Just don't put any seeds in the tool-caddy you use around the garden and then leave the whole lot out in the rain, OK?

Possible to sow more peas and beans

Posted: 10/06/2012 at 19:16

With peas, I think when you try opening a pod straight from the plant, you'll know they're ready when they're good and sweet. If you leave them until the pods bulge, they get a bit tough and starchy.

There's still time to sow some more peas (not so sure about broad beans), although best not to do it on the same site.

Talkback: Top 10 plants for containers

Posted: 10/06/2012 at 14:29

If you don't have old hankies to hand, a J-cloth or similar lining the lower section and base of the pot will help to keep out beasties such as vine weevils and woodlice. Or (possibly, but not tried), any odd scraps of horticultural fleece would do the job,

Potatoes (again-sorry!)

Posted: 10/06/2012 at 09:15

Extra water?!! If your weather is anything like ours, that won't be a problem!

On GW last Friday. Monty said there wasn't much need for water until the plants are in flower. I grow Charlotte (second earlies) which are usually just about ready by now, but they're very slow this year. Their flowers often fall off soon after aqppearing, but by then the potatoes are well formed. This year there are only a couple with flowers on so far. I'm hoping that the last week of rain will be plumping them up now.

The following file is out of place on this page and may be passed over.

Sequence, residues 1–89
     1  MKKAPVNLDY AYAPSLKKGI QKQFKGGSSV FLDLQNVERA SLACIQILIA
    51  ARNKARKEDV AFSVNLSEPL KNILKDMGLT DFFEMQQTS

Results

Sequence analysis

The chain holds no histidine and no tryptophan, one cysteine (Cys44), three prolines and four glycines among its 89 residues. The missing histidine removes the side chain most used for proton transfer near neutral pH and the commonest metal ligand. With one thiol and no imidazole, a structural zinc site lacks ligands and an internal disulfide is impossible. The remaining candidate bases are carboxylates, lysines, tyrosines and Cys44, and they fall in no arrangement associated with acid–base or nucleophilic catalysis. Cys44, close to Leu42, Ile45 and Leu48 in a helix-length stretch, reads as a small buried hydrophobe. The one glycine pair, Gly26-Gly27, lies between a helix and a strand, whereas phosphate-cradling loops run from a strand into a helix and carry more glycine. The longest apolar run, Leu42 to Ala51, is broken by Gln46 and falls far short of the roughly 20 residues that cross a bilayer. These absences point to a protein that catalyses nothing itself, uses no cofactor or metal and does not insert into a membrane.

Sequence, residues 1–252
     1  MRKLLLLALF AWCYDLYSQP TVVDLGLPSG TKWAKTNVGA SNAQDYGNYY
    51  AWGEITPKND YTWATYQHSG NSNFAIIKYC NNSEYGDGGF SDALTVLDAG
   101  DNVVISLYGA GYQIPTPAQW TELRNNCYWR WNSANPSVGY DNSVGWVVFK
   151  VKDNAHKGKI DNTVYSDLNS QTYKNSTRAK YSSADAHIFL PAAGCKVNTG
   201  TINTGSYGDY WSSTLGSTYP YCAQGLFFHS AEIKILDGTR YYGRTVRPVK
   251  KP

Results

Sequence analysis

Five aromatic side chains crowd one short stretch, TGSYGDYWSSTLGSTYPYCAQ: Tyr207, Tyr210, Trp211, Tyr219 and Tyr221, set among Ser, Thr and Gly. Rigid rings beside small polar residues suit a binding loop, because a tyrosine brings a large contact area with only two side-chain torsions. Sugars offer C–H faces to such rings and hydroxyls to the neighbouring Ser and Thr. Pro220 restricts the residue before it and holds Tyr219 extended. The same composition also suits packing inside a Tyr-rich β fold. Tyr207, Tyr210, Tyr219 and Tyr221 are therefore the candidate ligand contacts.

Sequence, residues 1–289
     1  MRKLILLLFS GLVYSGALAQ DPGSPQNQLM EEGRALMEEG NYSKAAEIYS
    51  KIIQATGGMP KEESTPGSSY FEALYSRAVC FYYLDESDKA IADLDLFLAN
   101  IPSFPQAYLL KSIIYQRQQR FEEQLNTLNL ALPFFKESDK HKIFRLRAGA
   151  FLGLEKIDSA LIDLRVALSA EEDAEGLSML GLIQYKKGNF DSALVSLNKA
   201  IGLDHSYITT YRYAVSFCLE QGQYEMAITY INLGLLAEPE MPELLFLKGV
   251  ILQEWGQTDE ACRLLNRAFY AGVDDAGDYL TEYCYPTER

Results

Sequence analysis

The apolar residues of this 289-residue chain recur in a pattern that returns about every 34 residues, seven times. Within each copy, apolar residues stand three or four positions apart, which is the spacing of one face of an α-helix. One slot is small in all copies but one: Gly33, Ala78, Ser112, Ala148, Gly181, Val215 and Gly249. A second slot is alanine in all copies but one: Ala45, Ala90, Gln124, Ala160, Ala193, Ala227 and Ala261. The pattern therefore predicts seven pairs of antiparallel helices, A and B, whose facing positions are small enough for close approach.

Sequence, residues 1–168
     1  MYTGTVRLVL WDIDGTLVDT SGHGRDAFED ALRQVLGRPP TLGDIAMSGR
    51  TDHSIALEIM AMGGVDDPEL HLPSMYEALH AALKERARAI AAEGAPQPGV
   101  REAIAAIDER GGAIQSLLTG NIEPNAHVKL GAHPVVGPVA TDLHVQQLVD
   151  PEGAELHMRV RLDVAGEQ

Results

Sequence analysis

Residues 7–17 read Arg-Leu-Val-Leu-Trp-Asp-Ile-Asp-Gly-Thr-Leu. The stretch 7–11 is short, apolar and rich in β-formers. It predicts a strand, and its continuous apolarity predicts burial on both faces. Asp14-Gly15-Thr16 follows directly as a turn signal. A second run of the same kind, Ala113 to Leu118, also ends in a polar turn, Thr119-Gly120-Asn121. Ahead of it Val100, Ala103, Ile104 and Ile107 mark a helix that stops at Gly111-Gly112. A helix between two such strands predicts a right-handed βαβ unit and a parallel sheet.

Wind damage to your plants..

Posted: 09/06/2012 at 20:33

I was out at 9.30 pm pm Thursday shoving extra stakes in around my broad beans, I could hardly sleep for worrying about them, but they seem to have survived OK. A few foxgloves and lupins have collapsed, and some asparagus, and the poppies are all smashed up, By this evening (Sat) the wind has dropped and the garden seems to be quietly recovering from the shock.

I did find some discoloured leaves on my outdoor tomatoes - could this be the cold winds? or could it be the beginnings of blight? I'd have thought it was too cold for blight yet.


And yes, I wondered what planet Monty was on last night. He referred back to the Jubilee pageant as if it had already taken place, but it has hardly stopped raining and blowing since then and he didn't seem to have noticed this.

Border at school

Posted: 09/06/2012 at 20:22